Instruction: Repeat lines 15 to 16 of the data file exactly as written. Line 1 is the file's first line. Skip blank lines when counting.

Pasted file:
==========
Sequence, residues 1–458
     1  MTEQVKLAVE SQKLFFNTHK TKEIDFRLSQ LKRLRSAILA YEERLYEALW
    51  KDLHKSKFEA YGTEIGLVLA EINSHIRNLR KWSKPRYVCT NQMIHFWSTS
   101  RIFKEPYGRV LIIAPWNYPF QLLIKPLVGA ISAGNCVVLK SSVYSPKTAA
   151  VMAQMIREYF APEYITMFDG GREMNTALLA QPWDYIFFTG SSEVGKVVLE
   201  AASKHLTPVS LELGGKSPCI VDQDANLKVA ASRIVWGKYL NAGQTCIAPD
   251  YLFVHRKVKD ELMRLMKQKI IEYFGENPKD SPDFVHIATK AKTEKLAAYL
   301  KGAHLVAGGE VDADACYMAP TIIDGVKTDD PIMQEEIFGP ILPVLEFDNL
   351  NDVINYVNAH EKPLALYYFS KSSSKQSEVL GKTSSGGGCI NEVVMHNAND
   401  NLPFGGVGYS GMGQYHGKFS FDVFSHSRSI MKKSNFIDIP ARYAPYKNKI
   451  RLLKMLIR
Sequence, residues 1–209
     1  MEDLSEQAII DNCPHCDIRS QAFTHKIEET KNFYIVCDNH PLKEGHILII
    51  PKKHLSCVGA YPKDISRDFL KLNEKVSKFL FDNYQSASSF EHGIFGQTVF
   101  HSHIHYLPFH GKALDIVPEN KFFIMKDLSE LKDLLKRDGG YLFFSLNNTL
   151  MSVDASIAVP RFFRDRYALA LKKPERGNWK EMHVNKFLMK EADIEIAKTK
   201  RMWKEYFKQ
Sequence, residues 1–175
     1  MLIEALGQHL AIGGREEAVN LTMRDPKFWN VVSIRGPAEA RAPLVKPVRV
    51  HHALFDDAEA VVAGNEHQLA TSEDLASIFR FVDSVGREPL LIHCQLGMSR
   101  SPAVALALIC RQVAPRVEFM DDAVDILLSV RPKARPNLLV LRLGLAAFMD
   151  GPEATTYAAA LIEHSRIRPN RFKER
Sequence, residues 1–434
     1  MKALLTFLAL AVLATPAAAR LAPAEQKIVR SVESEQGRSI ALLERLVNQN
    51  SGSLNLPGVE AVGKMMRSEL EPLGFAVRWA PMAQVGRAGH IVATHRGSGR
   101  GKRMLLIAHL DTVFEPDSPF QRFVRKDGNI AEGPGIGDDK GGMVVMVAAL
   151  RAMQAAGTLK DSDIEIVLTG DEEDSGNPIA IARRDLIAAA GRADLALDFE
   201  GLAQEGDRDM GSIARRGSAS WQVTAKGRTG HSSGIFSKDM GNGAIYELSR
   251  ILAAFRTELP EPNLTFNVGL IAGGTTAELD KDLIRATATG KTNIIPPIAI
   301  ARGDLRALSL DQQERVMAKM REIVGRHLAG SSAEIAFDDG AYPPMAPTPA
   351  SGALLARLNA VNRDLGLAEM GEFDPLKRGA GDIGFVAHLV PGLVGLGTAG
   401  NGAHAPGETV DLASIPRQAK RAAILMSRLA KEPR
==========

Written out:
   101  HSHIHYLPFH GKALDIVPEN KFFIMKDLSE LKDLLKRDGG YLFFSLNNTL
   151  MSVDASIAVP RFFRDRYALA LKKPERGNWK EMHVNKFLMK EADIEIAKTK